That all sounds harmless enough. Free markets. Liberty. Conservative. Nonpartisan. Each of these words, by their nature is loaded against its very own red herring. If you don’t agree with our positions, you’re a socialist liberal who wants to take away our rights. None of these words is a position of substance. Nor are their antitheses.

ALEC receives more than $7 million annually in contributions to help shape policy. Their donor list reads as a who’s who of the energy (Koch and ExxonMobil), pharmaceutical (Pfizer), insurance (State Farm), tobacco (Altria and Reynolds), and retail (WalMart) industries. Their agenda, in every policy domain, centers around one overarching principle. Clear the way so those we serve can make money.

Again, I have nothing against money, the people who make it, or the people who use it to exert extraordinary influence over our elected officials. Well, the first two of those things are true.

I do have a problem with the mentality that everything can be done better when left to private markets. We see time and time again that left to their own devices, big corporations will not take care of their consumers, employees, or surroundings. Yes, regulating the free market stunts it. Leaving it unregulated, however, leads to chemical spills, market collapses, and harmful side effects in our medication. There is a balance in the middle in which the economy can grow, and people and their surroundings can be safeguarded.

What should concern us most about ALEC and their education policy, however, is that this particular piece of legislation is but one page in their playbook. Rob has linked on his blog to ALEC’s Report Card on American Information and discussed how the reforms they have supported are the tip of the iceberg. Reading further into rest of the document shows a desire for complete privatization of education. Whether it be ALEC or one of the groups they support (such as the Oklahoma Council of Public Affairs, listed on page 120), every reform proposed is the extent to which they believe privatization can be achieved right now.

Perhaps this sounds like another great logical fallacy – the Slippery Slope. As I said, however, ALEC and their acolytes spell out the ideal support for public education: zero. The path to privatization is slow and deliberate. Manufacture a crisis in education. Develop flawed tests and use them to establish flawed ratings for schools and teachers. Leach students off of the “failing” schools and put them in private schools or for-profit charters (not locally-run charters, which have a much better track record than the charter chains). Have different rules for each set of schools, making it a lot harder for traditional public schools to succeed. Eventually (see Chicago and New Jersey). Be humane about it, though. Call it restructuring. Say you’re doing it to save money. All the while, continue draining resources from public schools and throw your hands up, claiming you’ve done everything possible to help them succeed. What ALEC wants is private, unregulated schools. And a piece of the pie for their puppet masters once the money comes free.

I’m not suggesting for a minute, by the way, that Nelson and the bill’s other sponsor, Tom Newell, want to eliminate public education. Nelson frequently mentions on Twitter that his own children are in public school and that he is very supportive of that school. I don’t doubt that if he felt differently, they would be somewhere else. Whatever Nelson and Newell’s motives are, we are wise to understand the role this particular reform would play in the ALEC master scheme.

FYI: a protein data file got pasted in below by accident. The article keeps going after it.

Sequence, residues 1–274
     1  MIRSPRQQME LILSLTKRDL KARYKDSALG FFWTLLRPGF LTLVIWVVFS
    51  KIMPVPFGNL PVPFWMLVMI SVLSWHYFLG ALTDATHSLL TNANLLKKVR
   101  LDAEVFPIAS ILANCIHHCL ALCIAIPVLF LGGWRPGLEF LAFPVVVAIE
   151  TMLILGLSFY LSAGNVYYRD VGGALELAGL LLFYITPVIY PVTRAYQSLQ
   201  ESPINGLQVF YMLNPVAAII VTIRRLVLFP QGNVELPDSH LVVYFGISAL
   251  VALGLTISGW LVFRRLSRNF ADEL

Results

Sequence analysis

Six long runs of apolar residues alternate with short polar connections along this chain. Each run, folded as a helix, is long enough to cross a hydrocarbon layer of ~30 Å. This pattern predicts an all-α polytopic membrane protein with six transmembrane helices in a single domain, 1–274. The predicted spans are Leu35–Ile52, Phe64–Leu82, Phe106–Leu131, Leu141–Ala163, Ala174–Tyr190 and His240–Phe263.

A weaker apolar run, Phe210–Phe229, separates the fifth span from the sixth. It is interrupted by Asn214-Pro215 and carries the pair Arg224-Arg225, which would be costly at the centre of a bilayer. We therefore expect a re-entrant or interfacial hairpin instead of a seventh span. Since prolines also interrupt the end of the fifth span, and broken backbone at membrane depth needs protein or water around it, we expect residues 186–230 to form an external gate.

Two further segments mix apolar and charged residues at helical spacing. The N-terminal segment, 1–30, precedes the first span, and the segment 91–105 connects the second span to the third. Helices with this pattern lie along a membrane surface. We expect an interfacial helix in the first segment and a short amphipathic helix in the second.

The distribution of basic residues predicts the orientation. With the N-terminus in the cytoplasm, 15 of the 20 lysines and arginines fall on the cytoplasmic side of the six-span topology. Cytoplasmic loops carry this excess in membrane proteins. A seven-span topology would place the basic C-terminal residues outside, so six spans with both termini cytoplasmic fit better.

I don’t believe this bill will help poor children. And for the middle class families with the means to take advantage of vouchers, I don’t believe the benefits are substantial. The truth is that we’ll never know. Any system that places our tax dollars behind a wall of secrecy and says, “Trust us,” deserves scrutiny and ultimate rejection.

Advertisements
  1. January 25, 2014 at 11:00 pm

    I would like to point out that the more prestigious private schools charge tuition well in excess of the total per-pupil spending for Oklahoma public schools.

    Consider two excellent schools in Tulsa. At Cascia Hall, tuition for students in grades 6-12 is $12,545.00. This includes a $500 textbook fee but does not consider the $500 application fee. Student in grades 9-12 pay $17,950 which includes a $100 activity fee. At both of these schools there are other revenue sources besides student tuition and fees, so the actual cost per student is much higher. Both schools do offer some tuition assistance for students of modest means who can meet the admission requirements.

    This raises two question in my mind. Why does it cost so much more to educate the students at these schools? Or, perhaps the better question, why would anyone think that the amount spent on public school students is close to adequate? How can the amount of money a parent would receive as a voucher come anywhere close to the amount of money needed for a top-flight private education.

    Like

  2. January 26, 2014 at 12:32 pm

    This is hilarious, really…I was going to respond to your blog, but I got so wrapped up in my response that it turned into more of a blog itself and I didn’t want to spam your blog with my own, so I just blogged the response! Here is the link to my follow up comment (http://restoreoklahomapubliceducation.blogspot.com/2014/01/mo-money.html) if you want to help me flesh out the discussion. As usual, I get lots of great information from you and ALWAYS appreciate your willingness to hear me out! Thanks!

    Like

  1. February 1, 2015 at 7:04 pm
  2. March 4, 2015 at 7:47 am
Comments are closed.
%d bloggers like this: